…between two and nine times more carbon emissions are avoided by trapping carbon in trees and forest soil than by replacing fossil fuels with biofuels. Around 40% of Europe’s agricultural land would be needed to grow biofuel crops to meet the 10% fossil fuel substitution target. That demand on arable land cannot be met in the EU or the US, say the scientists, so is likely to shift the burden on land in developing countries. The National Farmers Union said 20% of Britain’s agricultural land could be used to grow biofuels by 2010. However, the researchers say reforesting the land would be a better way to reduce emissions. Biofuels look good in climate change terms from a Western perspective, said Dr Spracklen, but globally they actually lead to higher carbon emissions. “Brazil, Paraguay, Indonesia among others have huge deforestation programmes to supply the world biofuel market”, he said. The researchers say the emphasis should be placed on increasing the efficiency of fossil fuel use and moving to carbon-free alternatives such as renewable energy.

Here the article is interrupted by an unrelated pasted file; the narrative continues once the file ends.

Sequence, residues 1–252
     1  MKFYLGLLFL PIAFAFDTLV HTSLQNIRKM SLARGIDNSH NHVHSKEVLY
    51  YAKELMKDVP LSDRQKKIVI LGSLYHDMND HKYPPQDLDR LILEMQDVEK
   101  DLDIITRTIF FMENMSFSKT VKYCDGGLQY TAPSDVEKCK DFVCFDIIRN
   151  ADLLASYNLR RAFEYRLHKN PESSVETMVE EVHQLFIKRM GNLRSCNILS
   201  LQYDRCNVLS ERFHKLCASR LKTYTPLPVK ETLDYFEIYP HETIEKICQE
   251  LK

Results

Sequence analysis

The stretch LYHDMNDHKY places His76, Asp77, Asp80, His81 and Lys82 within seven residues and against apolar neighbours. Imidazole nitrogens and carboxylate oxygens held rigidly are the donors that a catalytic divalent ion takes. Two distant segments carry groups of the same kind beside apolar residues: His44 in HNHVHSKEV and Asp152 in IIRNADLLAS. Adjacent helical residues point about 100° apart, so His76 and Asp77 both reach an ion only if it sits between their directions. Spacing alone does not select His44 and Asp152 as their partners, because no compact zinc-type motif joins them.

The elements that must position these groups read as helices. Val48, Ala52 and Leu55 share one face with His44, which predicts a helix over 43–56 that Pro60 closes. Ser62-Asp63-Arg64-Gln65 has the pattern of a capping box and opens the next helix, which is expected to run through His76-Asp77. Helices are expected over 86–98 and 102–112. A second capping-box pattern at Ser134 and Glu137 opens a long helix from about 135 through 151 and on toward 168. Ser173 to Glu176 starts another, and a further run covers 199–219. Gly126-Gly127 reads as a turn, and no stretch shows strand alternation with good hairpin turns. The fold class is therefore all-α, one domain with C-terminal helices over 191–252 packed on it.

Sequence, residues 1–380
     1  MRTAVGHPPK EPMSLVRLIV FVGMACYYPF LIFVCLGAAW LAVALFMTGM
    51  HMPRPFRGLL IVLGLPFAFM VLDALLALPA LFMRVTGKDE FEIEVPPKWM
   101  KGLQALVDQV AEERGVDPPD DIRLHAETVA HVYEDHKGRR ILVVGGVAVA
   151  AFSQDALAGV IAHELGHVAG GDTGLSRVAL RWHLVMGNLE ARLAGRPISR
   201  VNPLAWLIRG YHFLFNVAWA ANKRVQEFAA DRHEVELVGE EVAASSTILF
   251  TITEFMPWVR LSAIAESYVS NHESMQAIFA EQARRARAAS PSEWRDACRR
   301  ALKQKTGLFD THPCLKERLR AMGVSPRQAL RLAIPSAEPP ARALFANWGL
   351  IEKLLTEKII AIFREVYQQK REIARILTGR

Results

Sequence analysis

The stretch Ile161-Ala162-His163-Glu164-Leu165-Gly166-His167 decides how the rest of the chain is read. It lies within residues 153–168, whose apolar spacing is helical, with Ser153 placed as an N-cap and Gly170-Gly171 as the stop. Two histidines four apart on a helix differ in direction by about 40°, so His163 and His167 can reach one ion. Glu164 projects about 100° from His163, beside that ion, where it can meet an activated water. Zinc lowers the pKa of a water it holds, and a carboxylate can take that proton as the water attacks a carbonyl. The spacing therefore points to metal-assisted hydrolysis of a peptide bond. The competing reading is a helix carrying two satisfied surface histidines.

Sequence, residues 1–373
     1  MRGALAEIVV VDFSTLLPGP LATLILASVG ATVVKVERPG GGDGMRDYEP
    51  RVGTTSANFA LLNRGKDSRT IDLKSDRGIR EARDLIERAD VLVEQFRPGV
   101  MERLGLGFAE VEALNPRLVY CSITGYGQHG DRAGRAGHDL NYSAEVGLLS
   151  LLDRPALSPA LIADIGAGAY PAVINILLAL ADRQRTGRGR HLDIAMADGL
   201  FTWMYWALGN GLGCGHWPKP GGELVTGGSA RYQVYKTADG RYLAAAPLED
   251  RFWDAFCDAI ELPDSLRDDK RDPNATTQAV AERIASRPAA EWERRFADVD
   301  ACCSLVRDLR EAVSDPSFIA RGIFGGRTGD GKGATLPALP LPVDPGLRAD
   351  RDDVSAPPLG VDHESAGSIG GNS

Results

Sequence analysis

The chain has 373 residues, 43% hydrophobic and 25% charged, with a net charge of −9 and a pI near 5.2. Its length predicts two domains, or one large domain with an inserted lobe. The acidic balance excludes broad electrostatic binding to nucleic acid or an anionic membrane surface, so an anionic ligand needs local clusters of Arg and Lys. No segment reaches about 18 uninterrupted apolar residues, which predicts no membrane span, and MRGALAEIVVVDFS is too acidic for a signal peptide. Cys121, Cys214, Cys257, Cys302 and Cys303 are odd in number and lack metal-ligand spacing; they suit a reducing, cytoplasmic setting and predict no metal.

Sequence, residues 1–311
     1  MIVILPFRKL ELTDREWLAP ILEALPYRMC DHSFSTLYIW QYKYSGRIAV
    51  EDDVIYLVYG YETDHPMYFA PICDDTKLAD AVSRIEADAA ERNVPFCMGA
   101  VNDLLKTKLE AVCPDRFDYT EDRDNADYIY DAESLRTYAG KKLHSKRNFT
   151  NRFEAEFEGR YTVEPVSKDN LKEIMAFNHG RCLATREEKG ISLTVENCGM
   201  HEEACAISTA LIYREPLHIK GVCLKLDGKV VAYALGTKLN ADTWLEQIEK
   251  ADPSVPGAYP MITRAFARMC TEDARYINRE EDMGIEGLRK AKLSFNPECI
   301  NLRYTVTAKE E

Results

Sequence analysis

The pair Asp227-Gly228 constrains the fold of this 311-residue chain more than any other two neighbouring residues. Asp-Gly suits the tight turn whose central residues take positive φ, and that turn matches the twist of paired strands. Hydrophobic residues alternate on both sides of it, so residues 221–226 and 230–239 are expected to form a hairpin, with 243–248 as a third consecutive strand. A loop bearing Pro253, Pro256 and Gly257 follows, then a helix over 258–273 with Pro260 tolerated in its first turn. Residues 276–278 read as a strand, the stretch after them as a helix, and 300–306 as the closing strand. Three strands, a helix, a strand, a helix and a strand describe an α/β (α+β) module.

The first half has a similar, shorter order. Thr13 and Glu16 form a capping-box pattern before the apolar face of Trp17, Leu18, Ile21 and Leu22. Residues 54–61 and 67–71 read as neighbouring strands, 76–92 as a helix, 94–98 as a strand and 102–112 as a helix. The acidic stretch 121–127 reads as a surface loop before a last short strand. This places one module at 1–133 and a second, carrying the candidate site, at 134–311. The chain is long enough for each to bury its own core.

From Guardian Unlimited.